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Title: Quantitative investigation of a novel small field of view hybrid gamma camera (HGC) capability for sentinel lymph node detection.
Authors: Alqahtani, Mohammed S.
Lees, John E.
Bugby, Sarah L.
Jambi, Layal K.
Perkins, A. C.
First Published: 9-Sep-2016
Publisher: British Institute of Radiology
Citation: British Journal of Radiology, 2016; 89: 20160435.
Abstract: OBJECTIVE: The hybrid gamma camera (HGC) has been developed to enhance the localization of radiopharmaceutical uptake in targeted tissues during surgical procedures such as sentinel lymph node (SLN) biopsy. To assess the capability of the HGC, a lymph node contrast (LNC) phantom was constructed to simulate medical scenarios of varying radioactivity concentrations and SLN size. METHODS: The phantom was constructed using two clear acrylic glass plates. The SLNs were simulated by circular wells of diameters ranging from 10 to 2.5 mm (16 wells in total) in 1 plate. The second plate contains four larger rectangular wells to simulate tissue background activity surrounding the SLNs. The activity used to simulate each SLN ranged between 4 and 0.025 MBq. The activity concentration ratio between the background and the activity injected in the SLNs was 1 : 10. The LNC phantom was placed at different depths of scattering material ranging between 5 and 40 mm. The collimator-to-source distance was 120 mm. Image acquisition times ranged from 60 to 240 s. RESULTS: Contrast-to-noise ratio analysis and full-width-at-half-maximum (FWHM) measurements of the simulated SLNs were carried out for the images obtained. Over the range of activities used, the HGC detected between 87.5 and 100% of the SLNs through 20 mm of scattering material and 75-93.75% of the SLNs through 40 mm of scattering material. The FWHM of the detected SLNs ranged between 11.93 and 14.70 mm. CONCLUSION: The HGC is capable of detecting low accumulation of activity in small SLNs, indicating its usefulness as an intraoperative imaging system during surgical SLN procedures. ADVANCES IN KNOWLEDGE: This study investigates the capability of a novel small-field-of-view (SFOV) HGC to detect low activity uptake in small SLNs. The phantom and procedure described are inexpensive and could be easily replicated and applied to any SFOV camera, to provide a comparison between systems with clinically relevant results.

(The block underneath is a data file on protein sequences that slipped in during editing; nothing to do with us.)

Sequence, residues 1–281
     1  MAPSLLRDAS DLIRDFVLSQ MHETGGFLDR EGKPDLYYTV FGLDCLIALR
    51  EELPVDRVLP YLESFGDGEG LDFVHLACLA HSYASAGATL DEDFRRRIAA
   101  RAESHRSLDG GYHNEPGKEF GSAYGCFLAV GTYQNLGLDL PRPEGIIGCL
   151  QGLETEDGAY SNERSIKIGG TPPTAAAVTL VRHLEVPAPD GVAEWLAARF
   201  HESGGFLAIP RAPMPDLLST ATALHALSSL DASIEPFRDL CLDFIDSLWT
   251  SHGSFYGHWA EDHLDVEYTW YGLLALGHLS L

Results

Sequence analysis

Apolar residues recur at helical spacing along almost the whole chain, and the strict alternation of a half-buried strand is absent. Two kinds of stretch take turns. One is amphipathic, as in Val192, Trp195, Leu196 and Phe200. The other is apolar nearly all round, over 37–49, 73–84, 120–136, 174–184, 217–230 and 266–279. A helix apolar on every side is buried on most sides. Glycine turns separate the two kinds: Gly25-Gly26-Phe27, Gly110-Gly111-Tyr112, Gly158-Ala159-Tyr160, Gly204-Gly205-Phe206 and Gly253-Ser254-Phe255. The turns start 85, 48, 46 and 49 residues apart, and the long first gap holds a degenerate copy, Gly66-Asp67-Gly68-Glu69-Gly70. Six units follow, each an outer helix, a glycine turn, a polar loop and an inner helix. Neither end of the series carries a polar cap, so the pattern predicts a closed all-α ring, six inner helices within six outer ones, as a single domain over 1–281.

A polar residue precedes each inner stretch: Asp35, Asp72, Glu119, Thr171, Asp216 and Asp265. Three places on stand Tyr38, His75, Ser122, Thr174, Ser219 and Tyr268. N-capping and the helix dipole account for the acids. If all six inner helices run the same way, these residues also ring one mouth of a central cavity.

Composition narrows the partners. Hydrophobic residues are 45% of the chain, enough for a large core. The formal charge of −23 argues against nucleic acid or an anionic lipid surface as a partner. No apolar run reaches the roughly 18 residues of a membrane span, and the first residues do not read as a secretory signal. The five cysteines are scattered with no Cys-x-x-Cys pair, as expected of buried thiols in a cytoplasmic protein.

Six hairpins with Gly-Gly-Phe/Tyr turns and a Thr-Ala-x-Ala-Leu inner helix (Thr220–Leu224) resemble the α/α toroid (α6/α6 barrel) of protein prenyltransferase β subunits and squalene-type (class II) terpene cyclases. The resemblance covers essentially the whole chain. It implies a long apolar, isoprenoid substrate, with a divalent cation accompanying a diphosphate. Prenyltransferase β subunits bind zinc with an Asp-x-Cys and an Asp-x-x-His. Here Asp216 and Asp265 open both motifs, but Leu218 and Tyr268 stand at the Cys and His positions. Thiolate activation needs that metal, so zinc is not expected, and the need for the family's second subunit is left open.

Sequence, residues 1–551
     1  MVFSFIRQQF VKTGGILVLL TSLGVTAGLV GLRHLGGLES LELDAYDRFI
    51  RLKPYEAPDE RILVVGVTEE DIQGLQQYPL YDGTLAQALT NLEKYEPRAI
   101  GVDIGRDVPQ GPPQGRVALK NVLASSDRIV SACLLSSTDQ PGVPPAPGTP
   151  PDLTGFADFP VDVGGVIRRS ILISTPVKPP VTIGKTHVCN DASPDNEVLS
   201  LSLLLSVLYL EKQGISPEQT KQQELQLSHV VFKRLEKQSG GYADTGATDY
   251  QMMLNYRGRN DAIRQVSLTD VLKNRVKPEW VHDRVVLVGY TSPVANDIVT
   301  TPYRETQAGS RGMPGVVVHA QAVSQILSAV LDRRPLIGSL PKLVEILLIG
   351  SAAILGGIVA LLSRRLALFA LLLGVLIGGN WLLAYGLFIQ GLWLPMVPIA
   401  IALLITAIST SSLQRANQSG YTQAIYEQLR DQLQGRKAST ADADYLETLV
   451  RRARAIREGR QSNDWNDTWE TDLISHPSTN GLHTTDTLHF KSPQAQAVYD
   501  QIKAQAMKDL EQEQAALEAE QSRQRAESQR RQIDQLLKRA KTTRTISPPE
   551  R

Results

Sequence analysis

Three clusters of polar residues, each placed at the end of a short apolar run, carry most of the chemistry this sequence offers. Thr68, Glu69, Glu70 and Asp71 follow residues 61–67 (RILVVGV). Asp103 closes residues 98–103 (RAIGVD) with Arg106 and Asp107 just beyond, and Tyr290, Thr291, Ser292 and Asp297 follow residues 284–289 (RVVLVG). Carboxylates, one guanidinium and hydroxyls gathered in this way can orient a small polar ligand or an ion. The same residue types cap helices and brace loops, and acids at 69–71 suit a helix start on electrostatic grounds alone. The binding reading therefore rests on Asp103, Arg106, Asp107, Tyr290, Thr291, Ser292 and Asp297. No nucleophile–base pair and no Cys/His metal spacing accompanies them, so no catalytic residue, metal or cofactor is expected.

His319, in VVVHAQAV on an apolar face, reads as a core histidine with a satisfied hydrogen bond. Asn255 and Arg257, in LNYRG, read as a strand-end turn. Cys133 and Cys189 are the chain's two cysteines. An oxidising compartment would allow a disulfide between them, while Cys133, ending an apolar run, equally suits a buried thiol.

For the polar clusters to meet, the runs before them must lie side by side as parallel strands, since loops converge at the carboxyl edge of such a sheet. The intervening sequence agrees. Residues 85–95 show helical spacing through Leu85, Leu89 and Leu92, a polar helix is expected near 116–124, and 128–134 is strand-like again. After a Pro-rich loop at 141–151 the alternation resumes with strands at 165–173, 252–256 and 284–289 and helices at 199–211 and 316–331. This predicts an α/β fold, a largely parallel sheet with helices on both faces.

DOI Link: 10.1259/bjr.20160435
ISSN: 0007-1285
eISSN: 1748-880X
Version: Publisher Version
Status: Peer-reviewed
Type: Journal Article
Rights: This is an Open Access article distributed under the terms of the Creative Commons Attribution 4.0 Unported License, which permits unrestricted use, distribution and reproduction in any medium, provided the original author and source are credited.
Appears in Collections:Published Articles, Dept. of Physics and Astronomy

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